Since extrusion tools, for example extrusion heads, can be easily interchanged, an economical fabrication for bundled lead cables of, for example, up to at least 100 fibers becomes possible here without having to take the problem of fiber division at the end into consideration, which always arises in the case of a chambered cable. The problem of chamber calibration that always arises given a chamber cable, likewise, is eliminated and less expensive materials can be utilized, for example polyolefines instead of hard, expensive materials.
If the stranding process cannot be implemented or cannot be implemented only with the central element, for example because of inadequate diameter thereof, an apparatus according to FIG. 6 can be utilized. The structure of the extruder head EK corresponds to that of FIG. 1, whereby only a single lead AD1 is shown here for the purpose of simplifying the illustration. By contrast thereto, what is referred to as a "tube store" is employed for the stranding process, to which end a tube RO is clamped at one side or end is provided and is held in a bearing block LB. This tube RO extends through the bore BO of the extruder head EK and extends beyond the extruder head toward the right by a certain length. In any case, it must be carried to such a length that the leads AD1-ADn lie adequately firmly on the tube store RO and are entrained by a frictional lock. A motor MO having a toothed belt ZR is provided for rotating the tube store RO. The tube store RO is expediently operated with changing lay directions and its surface roughness, together with that of the length of the seat of the respective leads AD1-ADn, define the intensity of the stranding process. For improving the stranding, a stranding disk VS is rigidly joined to the tube at one end of the tube store RO. This stranding disk VS comprises a series of ports, through whose openings the leads AD1-ADn are conducted. A stranding nipple VN is provided following thereafter in a known manner. A completely stranded bundle similar to ADB is, thus, present at the right-hand end of the stranding apparatus of FIG. 6. This bundle ADB is provided with a cladding from an extruder EX1 in a similar way to that of FIG. 1 so that the finished cable OC is obtained at the output side.
It is possible to pull the central element CE1 through the inside of the tube RO. This central element CE1 is conducted through the bearing block LB and is taken down from a stationary or, potentially, rotating or orbiting supply drum TR, which is similar to that of FIG. 1.
As shown in FIG. 7, it is possible to work with supply reels VS1-VSn, which are accommodated in a rotating stranding basket VKB to provide a rotating extrusion head EK7 or, respectively, a rotating tool EK. The extrusion head or, respectively, tool EK7 is to be sealed from the outflow channel ES7 of the extruder EX7. The rotation of this extrusion head can occur in one direction to produce long lay stranding, or in a changing direction to produce SZ-stranding. No rotation or twisting around the longitudinal axis of the running direction of the overall manufacturing system need be undertaken for the central element CE. Winding onto a rotating take-up drum AT is also not required. A filling means FE is rotated together with the extruder head EK7.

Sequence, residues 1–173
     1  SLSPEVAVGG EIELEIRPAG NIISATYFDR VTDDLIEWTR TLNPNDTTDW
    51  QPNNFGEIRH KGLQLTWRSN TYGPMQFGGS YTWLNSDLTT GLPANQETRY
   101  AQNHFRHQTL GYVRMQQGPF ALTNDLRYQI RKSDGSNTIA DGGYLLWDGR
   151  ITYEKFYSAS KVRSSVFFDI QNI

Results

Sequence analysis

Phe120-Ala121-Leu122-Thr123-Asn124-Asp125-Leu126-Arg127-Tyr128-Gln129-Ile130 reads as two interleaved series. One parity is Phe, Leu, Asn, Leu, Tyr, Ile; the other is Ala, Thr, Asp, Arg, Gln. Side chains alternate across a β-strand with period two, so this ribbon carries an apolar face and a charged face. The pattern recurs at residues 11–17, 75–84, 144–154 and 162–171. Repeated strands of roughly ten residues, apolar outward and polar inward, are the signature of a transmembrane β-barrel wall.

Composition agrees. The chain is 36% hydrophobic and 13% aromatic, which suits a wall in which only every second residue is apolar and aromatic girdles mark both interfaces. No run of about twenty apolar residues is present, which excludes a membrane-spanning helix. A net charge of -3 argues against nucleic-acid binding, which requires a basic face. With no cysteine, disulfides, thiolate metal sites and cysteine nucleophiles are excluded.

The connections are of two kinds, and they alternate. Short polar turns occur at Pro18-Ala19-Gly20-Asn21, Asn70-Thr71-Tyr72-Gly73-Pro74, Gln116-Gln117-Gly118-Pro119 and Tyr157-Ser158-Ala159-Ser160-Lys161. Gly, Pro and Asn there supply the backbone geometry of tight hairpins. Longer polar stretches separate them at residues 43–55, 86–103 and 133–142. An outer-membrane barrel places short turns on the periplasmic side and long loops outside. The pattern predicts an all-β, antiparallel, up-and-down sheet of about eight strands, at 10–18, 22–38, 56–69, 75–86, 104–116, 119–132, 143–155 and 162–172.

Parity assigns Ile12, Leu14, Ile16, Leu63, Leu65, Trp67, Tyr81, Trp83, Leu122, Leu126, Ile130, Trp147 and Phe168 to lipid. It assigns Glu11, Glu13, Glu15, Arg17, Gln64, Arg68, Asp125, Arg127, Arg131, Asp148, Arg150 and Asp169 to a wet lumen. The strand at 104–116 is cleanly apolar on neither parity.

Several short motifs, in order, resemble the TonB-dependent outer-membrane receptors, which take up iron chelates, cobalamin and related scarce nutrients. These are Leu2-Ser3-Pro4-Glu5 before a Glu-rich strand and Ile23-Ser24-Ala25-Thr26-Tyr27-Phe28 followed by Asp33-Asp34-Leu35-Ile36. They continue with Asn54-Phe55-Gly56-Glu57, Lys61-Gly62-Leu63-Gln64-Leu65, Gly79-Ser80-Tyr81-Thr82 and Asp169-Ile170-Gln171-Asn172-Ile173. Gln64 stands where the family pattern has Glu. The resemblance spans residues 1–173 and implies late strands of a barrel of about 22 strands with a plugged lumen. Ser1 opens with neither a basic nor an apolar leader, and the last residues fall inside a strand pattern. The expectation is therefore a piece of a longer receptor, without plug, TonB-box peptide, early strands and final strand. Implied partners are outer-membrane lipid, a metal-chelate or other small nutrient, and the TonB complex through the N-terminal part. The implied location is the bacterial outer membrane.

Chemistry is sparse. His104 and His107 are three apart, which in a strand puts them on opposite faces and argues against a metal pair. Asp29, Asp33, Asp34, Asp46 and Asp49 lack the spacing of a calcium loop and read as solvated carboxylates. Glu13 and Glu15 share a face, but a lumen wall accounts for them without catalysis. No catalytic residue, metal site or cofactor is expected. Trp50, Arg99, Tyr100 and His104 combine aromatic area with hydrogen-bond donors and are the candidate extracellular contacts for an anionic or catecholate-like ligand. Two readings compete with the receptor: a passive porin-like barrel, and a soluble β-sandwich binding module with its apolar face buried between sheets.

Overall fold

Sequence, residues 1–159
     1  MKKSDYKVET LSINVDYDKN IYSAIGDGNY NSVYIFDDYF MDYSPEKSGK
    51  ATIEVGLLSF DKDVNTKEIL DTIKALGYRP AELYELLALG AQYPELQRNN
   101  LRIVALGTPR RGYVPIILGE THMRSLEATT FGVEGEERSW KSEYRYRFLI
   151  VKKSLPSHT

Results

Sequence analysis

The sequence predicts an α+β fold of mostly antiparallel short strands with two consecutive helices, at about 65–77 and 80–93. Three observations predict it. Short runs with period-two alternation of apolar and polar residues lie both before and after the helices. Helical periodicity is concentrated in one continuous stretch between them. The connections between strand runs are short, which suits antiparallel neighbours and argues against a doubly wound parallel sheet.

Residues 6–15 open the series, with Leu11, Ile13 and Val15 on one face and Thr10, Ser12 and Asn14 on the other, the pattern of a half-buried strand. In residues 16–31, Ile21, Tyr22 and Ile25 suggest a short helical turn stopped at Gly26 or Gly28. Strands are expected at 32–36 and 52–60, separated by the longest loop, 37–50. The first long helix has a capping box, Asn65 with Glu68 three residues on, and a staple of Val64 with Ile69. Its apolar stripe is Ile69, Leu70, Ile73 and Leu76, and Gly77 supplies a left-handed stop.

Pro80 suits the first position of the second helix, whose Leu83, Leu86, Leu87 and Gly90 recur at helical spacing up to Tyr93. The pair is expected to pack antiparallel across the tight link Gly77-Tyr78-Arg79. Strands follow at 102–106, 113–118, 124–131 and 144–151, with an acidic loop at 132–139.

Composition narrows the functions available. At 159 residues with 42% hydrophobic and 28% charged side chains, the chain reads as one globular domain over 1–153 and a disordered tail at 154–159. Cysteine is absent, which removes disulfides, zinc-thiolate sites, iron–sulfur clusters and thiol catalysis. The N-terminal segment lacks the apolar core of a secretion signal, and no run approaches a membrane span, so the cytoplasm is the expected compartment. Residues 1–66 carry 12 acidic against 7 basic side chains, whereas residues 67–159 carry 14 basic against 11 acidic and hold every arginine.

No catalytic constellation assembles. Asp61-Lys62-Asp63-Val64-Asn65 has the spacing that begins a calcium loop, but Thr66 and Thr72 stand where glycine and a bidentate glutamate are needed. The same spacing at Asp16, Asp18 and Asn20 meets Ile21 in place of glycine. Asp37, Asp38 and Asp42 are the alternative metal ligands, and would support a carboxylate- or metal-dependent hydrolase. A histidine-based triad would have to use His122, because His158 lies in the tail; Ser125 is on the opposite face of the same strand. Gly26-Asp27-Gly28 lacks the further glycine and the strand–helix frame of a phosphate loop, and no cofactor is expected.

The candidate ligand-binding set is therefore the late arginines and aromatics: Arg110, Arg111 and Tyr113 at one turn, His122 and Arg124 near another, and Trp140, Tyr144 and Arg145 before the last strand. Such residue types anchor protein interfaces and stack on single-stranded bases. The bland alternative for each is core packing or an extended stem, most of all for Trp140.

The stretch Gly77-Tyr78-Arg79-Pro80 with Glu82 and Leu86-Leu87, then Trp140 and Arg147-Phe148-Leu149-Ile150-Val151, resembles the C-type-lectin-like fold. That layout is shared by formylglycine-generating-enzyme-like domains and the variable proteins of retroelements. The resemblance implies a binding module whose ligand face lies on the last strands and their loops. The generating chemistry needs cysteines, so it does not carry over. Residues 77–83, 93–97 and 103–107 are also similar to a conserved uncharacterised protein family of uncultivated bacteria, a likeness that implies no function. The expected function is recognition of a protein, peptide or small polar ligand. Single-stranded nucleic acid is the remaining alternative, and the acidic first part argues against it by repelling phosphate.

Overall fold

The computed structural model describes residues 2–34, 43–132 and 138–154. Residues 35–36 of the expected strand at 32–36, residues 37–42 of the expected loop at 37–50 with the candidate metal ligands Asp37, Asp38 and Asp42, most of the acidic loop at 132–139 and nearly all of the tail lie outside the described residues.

The embodiment of the apparatus for performing the invention is illustrated in FIG. 8 and is an implementation of the inventive method that is represented by the arrangement of FIG. 1. Insofar as is possible, the reference characters that are, therefore, employed again here for identical parts. This apparatus can be particularly advantageously employed for SZ-stranding, for which reason the following is always based on the stranding with changing lay direction.
The haul-off drum TR is stationarily mounted in this embodiment so that the central element CE is hauled-off by a dancing roller TZ that acts as a power brake, so that the element CE is essentially guided in a stretched condition. A brake BR, which follows the dancing roller TZ, seizes the central element CE so firmly that a pull exerted from farther to the right cannot proceed via the dancing roller TZ up to the drum TR. This brake BR can be formed in a simple way by two de-accelerated disk wheels that firmly guide the central element CE therebetween. However, a fashioning as a caterpullar is also possible. The central element CE proceeds to the extruder head of the extruder EX to which the light waveguide leads LW1-LWn taken from stationary supply reels VS1-VSn are supplied. The extrusion of the lead bundle ADB and the following cooling in the cooling means KE occurs in the manner described with regard to FIG. 1, as does the application of retaining helix BW. The lead bundle ADB obtained in this manner is supplied to a twister TW that is shown here as a pair of track-like pull-off means or a caterpullar; however, it is also possible to employ a pull-off capstan or the like for this purpose.